I can still remember exactly where I was when Benedict XVI was elected pope. After visiting the National Basilica on an elementary school field trip, my group and I head over to the Franciscan monastery in Washington DC. The friars give us a tour, and eventually we make our way into their beautiful gardens. Surrounded by vibrant flowers and religious statues, I am startled as the serene quiet is broken by the joyful ringing of bells. Several friars run outside with the joyous news. We have a pope. I do not know whom the friars speak of as they talk to each other of Joseph Ratzinger. But I do know that the strangely empty days since Pope John Paul II’s death are at a close. I am incredibly excited. As soon as I get home, my little brothers and I rush to watch the new announcements. We sit there, absolutely transfixed, as a figure clad in white steps out onto the balcony overlooking St. Peter’s Square. We are young, but we know that we have witnessed a vital moment for our Church.
I have grown up in Catholicism during the papacy of Pope Benedict XVI. The man who appeared on that balcony eight years ago has been a steady factor in my journey as a Catholic. Pope Benedict has been the epitome of humility, intelligence, and quiet strength. I know even non-Catholics who have visited Rome and attended papal audiences and been bowled over by the Holy Father’s love, gentleness, and humility. Pope Benedict has been notable for his continued insistence on faithfulness to church doctrine and to orthodox teaching of the catechism. Though this has made him unpopular in some circles, he has carried out this necessary task with great compassion and zeal.
As a young Catholic, I appreciate this. I want the real thing. My fellow Catholic youth and I are prepared to live out genuine, unapologetic Catholicism, however difficult that may be. I love the Holy Father for his uncompromising stance on faith and morals. He has stood strong even when battered by society and the media. Particularly notable are his efforts to improve the knowledge of Church teachings among youth. In 2011 he wrote the introduction for the youth catechism, in which he expressed his confidence in the youth of the Church.
He remarks, “The youth of today are not as superficial as some think.” Later he reminds us how important it is to really know what the Church teaches. He writes, “You need to know what you believe . . . yes, you need to be more deeply rooted in the faith than the generation of your parents so that you can engage the challenges and temptations of this time with strength and determination.”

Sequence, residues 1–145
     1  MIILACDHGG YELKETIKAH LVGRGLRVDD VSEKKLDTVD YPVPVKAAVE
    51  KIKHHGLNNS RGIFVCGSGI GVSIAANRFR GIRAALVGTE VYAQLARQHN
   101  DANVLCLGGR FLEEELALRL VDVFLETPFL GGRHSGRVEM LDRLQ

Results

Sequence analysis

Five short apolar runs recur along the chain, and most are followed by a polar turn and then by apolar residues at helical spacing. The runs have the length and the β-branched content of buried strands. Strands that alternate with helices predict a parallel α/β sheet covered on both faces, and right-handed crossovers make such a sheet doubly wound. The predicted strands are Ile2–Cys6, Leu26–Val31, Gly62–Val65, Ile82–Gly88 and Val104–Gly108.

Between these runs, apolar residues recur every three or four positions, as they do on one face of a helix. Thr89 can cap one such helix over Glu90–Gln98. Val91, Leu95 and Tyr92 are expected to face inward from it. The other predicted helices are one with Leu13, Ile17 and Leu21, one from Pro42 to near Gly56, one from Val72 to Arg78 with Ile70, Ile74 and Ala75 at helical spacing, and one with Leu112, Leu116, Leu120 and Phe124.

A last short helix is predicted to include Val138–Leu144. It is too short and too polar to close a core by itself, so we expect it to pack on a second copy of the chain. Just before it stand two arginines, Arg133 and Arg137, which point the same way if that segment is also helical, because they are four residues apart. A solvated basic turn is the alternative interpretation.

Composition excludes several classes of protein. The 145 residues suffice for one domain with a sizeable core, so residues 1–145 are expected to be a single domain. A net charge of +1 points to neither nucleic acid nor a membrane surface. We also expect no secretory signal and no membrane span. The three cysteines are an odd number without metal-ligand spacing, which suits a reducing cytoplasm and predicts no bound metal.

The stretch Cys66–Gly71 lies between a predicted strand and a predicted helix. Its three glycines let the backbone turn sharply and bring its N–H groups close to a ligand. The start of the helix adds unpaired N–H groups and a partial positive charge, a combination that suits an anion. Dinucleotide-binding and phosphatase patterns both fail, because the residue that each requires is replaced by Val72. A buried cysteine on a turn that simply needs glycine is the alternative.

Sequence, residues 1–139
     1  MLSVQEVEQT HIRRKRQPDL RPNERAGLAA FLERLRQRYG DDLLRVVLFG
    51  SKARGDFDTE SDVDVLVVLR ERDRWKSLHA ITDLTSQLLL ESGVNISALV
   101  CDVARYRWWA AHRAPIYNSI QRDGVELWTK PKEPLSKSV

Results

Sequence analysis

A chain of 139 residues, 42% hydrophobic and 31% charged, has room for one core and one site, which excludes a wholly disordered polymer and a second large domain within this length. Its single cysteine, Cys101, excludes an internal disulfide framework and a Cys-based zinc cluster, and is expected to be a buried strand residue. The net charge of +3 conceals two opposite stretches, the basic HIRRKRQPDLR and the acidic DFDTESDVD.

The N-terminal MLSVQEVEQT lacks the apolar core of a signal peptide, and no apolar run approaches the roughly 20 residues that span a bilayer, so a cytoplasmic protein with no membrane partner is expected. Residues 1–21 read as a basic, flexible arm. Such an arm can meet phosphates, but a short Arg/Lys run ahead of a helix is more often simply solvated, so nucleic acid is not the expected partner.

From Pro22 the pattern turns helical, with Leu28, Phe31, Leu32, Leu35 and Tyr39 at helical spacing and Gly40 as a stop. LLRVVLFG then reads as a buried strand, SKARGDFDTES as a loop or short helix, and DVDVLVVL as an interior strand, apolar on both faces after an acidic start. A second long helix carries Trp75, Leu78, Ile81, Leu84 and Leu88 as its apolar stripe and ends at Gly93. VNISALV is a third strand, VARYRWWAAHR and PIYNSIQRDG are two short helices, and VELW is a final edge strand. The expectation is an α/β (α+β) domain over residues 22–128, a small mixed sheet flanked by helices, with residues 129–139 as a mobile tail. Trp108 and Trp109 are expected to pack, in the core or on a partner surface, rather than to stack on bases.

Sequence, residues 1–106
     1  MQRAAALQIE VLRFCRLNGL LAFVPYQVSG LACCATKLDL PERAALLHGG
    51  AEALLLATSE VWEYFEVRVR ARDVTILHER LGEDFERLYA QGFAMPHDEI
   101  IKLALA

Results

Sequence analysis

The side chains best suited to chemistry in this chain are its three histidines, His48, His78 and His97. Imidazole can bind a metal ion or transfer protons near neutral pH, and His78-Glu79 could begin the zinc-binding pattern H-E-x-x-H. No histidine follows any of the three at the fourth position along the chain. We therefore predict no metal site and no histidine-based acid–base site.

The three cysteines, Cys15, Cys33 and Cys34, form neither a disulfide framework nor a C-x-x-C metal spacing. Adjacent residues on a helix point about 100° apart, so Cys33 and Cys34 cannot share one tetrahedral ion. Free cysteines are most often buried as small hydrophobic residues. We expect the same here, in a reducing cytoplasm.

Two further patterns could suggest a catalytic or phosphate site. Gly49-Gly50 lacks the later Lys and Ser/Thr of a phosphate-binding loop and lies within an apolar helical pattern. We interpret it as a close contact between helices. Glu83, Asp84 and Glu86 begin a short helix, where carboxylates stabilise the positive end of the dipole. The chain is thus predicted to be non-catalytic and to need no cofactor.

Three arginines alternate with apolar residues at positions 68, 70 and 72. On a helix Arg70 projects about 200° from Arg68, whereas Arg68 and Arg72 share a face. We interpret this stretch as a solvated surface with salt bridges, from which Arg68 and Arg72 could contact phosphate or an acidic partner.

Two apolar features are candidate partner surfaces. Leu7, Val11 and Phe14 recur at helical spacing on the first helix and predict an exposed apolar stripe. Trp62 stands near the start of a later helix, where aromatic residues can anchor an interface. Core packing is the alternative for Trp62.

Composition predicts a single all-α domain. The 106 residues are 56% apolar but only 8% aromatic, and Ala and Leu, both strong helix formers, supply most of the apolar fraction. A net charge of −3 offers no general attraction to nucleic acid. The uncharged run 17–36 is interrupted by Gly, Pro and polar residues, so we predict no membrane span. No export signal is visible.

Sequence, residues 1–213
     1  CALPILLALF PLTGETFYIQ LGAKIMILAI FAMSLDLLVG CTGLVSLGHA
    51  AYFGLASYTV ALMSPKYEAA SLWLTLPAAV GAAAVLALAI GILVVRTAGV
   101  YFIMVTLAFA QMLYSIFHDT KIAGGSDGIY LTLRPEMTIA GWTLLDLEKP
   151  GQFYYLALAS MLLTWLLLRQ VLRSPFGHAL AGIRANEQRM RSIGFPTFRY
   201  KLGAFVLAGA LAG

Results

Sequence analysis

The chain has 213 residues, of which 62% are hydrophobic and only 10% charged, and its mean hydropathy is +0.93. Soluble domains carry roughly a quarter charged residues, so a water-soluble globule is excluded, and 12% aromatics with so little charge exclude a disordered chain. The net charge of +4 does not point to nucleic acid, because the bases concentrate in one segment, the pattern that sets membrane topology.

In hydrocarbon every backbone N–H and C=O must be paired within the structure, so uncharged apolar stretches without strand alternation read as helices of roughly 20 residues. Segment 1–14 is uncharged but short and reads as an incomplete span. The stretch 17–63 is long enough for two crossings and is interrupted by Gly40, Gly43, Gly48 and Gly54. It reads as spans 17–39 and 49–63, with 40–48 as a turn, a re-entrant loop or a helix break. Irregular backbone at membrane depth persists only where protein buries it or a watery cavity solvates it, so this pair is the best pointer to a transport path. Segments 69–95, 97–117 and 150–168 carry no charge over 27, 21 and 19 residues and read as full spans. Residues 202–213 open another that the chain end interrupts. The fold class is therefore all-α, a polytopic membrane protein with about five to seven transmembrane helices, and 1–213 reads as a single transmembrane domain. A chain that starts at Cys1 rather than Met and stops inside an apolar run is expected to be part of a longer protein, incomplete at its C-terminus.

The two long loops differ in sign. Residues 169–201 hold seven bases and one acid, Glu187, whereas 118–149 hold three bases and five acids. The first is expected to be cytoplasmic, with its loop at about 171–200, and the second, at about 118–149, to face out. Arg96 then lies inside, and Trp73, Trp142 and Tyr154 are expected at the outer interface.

His stance against the moral relativism so prevalent in today’s culture is also worthy of applause. In a homily he delivered in 2005, he said that, “under the semblance of freedom, [relativism] becomes a prison for each one, for it separates people from one another, locking each person into his or her own ego.” Throughout his papacy, he has continued to defend the Catholic teaching on this and other matters concerning Catholics today, such as contraception, abortion, and same-sex “marriage”. Through these admirable efforts, he has inspired young Catholics throughout the world. The media only covers the young Catholics who are pressing for the ordination of women and the acceptance of married priests. In reality, there is a strong and vibrant generation of young people who are throwing off the shackles of relativism, progressivism, and feminism, and who want to preserve the traditions and teachings of the Church. This is the Benedict XVI generation. We are committed to the renewal of faithfulness among the laity. Pope Benedict’s presence as the shepherd of the Church during the past eight years has made me who I am today, as a Catholic and as a person.
It goes without saying: Pope Benedict’s resignation was a shock to me. When I checked my email that morning and found a news alert in my inbox, I could do nothing but stare dazedly at the screen. I have come to love and admire the man whom I first saw on the television screen so many years ago. Through the years, I’ve read his writings, listened to him on the radio, and defended him against secular criticism. I watched with tears in my eyes as his helicopter flew over Rome to the Castel Gandolfo on his last day as Supreme Pontiff. But I am so very inspired by the great humility of this unprecedented act. This time around, the papal election is similar in some ways, but in so many others it is completely different. I am much more knowledgeable about my faith and about the process of electing a pope. After Pope Benedict’s announcement, I immersed myself in learning about the papacy, the Vatican, the cardinals, and anything related to the election.. Also, I am able to feel the excitement, and perhaps even apprehension, of this historical moment without being grieved by the death of a pope. I look forward to meeting the changes that the Church will face in the next few weeks. I will support wholeheartedly with my prayers whomever the cardinals, guided by the Holy Spirit, elect. But I am, and will always be, the Benedict XVI generation.